Yup, we're discussing the same thing. And mixing detuned saws, with one inverted, gives you a PWM effect where the signal briefly 'disappears', like a pulse wave briefly achieving zero width. And it sounds different from two detuned saws which don't have one of them inverted, meaning saws that are both 'up' saws or both 'down' saws.
I don't think we are.

You're comparing unison saw waves against PWM. Moot is demonstrating that by using a saw and a ramp, the "disappearing" thing that PWM also creates is may be produced.

This is about creating a PWM-like sound by using a ramp and a saw. Which is precisely what some folks want, but can't have it because the Minimoog doesn't offer PWM. I fully understand that unison saws are different than PWM, but for those without the capability of PWM (such as Minimoog owners) using the ramp and saw offers a viable solution.

It's not about which one is better or which one won't phase cancel or which one presents an octave higher harmonic at a certain point ... it's about how to mimic PWM on synths that don't have PWM but DO have saw/ramp waves.

thumbs up

EDIT: One other thing (minor as it is). In synths, "inverted" usually means that which was positive is made negative. A ramp wave, by that description, is not inverted. It's rotated. Both the saw and the ramp are positive waves. Unless they are inverted to negative.



I am attempting to learn something here, please don't take this as contradiction or being a smart ass.

cool
Rex Coil 7
Ok, wait. I think I get it now. When looking at my own little diagram, I can see how a ramp wave can be an inverted saw. It all depends on how the phase of the ramp is viewed. Better said, at which degree of phase the ramp is viewed. Did I get that right?

No ... damnit ... it still doesn't make sense to me. The ramp is still positive voltage. Right? An inverted saw would be negative voltage, wouldn't it?
josaka
basically all of this is a moot point really you cannot get true pwm out of the 901's umless you do it by hand or mod them..
this other phase cancelling sound sounds fantasic from the 901(the best sounding beating osc?) as I said in another thread to you its a 901 not a version of something else its power lies in the sweetness of these things..
it is also the reason why people are still using the limited option minimoogs and crave original 901/921(921 a little harder sounding and .com even more so)(the voltage/volume levels of the .com may have a big part to play here)

I would really forget about these comparison chart things .. sit back put your feet up and enjoy the tones.. smile




Stereotactixxx
Rex Coil 7 wrote:
No ... damnit ... it still doesn't make sense to me. The ramp is still positive voltage. Right? An inverted saw would be negative voltage, wouldn't it?

I had a hard time grasping your confusion, but now I get it. Both saws and ramps are bipolar, with equal amounts of the waves above and below 0V. That is why an inverted saw is exactly the same as a ramp.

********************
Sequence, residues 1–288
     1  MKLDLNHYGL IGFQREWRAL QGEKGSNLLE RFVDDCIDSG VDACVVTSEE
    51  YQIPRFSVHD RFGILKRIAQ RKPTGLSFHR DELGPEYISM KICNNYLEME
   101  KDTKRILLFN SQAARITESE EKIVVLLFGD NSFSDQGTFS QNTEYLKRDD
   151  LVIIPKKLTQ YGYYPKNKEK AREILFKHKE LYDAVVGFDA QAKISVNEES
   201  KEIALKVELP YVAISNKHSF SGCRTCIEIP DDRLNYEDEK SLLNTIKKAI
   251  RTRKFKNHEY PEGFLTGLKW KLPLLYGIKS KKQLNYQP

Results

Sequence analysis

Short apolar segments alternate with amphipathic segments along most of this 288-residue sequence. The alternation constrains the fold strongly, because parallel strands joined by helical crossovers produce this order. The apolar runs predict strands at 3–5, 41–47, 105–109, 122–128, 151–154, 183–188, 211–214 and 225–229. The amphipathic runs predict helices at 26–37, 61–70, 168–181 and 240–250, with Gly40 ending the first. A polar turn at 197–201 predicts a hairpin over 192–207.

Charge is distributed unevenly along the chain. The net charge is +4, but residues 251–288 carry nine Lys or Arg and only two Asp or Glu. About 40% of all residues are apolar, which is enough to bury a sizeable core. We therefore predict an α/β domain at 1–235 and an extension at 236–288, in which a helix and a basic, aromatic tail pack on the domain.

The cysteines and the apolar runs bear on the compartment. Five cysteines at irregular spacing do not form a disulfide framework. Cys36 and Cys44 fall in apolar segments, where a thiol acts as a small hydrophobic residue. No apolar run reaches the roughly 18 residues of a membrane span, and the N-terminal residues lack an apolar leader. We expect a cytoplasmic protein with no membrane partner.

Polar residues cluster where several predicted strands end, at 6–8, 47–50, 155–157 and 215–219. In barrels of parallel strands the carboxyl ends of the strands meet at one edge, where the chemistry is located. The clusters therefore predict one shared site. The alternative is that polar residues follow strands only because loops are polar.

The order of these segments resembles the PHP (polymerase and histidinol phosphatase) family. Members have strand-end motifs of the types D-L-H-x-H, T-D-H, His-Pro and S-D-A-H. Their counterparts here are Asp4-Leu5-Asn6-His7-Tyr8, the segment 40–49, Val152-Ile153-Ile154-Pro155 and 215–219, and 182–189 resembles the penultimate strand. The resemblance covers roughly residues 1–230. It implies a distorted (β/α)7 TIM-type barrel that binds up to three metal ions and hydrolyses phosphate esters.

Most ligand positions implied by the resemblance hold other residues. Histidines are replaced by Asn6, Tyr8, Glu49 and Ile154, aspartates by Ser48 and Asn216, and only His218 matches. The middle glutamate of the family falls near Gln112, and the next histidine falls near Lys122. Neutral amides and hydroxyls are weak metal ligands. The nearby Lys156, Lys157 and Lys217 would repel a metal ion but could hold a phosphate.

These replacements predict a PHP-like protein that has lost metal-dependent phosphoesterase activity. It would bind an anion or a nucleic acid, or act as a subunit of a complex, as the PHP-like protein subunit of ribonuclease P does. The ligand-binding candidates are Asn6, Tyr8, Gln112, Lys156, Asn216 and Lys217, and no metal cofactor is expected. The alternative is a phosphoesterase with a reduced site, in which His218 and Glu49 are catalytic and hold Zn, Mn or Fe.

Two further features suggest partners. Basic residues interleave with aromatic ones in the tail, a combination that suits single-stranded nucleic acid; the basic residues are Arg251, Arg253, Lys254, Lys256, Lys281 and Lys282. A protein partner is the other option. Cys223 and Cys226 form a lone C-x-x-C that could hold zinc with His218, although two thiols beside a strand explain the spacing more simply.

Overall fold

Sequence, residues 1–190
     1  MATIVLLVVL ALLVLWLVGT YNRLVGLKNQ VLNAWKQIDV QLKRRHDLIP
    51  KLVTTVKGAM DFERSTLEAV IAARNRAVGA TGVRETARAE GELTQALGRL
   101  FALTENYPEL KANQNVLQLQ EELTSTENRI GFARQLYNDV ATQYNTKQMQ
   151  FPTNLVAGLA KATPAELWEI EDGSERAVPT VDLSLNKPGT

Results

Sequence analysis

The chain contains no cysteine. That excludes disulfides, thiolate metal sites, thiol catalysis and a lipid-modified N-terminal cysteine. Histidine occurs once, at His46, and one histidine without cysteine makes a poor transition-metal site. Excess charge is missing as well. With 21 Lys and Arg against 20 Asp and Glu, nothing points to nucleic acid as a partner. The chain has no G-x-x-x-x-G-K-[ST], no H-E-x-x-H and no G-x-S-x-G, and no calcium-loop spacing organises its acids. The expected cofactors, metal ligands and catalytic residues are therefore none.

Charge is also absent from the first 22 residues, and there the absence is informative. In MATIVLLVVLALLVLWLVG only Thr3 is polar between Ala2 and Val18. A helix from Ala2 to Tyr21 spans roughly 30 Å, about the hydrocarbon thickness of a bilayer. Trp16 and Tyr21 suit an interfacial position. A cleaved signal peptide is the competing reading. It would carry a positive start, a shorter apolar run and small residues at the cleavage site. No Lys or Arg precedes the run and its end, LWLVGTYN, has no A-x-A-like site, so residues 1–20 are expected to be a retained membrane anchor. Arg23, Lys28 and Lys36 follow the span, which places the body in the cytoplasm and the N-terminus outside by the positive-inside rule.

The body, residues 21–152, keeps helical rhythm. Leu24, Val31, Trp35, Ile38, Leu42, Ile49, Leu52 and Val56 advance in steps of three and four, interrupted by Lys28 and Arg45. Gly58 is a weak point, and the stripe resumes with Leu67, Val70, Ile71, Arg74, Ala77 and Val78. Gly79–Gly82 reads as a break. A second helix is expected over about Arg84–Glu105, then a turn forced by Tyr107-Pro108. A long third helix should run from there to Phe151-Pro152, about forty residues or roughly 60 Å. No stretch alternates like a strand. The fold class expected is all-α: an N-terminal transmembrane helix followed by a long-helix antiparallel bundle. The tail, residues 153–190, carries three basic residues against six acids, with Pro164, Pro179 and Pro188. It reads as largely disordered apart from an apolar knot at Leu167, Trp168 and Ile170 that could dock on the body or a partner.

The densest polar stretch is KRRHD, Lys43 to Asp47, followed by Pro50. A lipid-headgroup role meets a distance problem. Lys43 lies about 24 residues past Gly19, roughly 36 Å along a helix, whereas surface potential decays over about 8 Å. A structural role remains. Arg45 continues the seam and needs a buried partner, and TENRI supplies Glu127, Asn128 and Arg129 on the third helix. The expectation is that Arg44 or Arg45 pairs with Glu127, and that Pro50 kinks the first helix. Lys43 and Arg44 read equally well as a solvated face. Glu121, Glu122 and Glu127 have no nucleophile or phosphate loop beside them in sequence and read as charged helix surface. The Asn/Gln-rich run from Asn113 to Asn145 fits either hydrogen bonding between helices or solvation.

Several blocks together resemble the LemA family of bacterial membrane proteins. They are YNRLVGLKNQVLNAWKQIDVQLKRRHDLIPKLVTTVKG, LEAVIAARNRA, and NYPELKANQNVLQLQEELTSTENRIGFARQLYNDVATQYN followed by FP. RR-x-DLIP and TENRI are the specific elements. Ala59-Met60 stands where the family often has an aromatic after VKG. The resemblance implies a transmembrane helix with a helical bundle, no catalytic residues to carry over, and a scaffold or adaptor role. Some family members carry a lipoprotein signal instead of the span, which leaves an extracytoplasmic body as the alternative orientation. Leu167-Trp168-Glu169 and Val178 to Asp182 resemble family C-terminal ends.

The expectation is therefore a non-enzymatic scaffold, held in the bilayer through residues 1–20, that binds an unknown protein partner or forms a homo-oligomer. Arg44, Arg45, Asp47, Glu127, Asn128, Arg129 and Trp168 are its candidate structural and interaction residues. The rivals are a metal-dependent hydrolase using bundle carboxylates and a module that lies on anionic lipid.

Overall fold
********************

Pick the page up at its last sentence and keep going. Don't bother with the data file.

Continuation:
Dave Peck
Stereotactixxx wrote:

I had a hard time grasping your confusion, but now I get it. Both saws and ramps are bipolar, with equal amounts of the waves above and below 0V. That is why an inverted saw is exactly the same as a ramp.


Yes!
Dave Peck
Rex Coil 7 wrote:
I don't think we are.

You're comparing unison saw waves against PWM. Moot is demonstrating that by using a saw and a ramp, the "disappearing" thing that PWM also creates is may be produced.

This is about creating a PWM-like sound by using a ramp and a saw. Which is precisely what some folks want, but can't have it because the Minimoog doesn't offer PWM. I fully understand that unison saws are different than PWM, but for those without the capability of PWM (such as Minimoog owners) using the ramp and saw offers a viable solution.

It's not about which one is better or which one won't phase cancel or which one presents an octave higher harmonic at a certain point ... it's about how to mimic PWM on synths that don't have PWM but DO have saw/ramp waves.

)[/quote]

Yup, and I'm just pointing out (as is Moot) that two detuned saws with one inverted sound a lot more 'PWM-like' than two detuned saws that have the same polarity. Try it.

BTW you can also create a 'PWM-like' sound with only ONE sawtooth (or ramp, doesn't matter in this case), an LFO, a mixer module, and a clipper module:

Mix the saw and LFO together in the mixer so the output of the mixer is a sawtooth wave that is slowly being 'biased' postive, then negative by the LFO. Patch that through a clipper module and set it so the saw wave is unaffected when the LFO is at zero volts and is not baising the saw wave, but so the clipper module begins to clip off the top & bottom of the saw wave when that wave is getting biased positive or negative. It creates a pronounsed 'PWM-like' motion to the sound - with only one saw osc.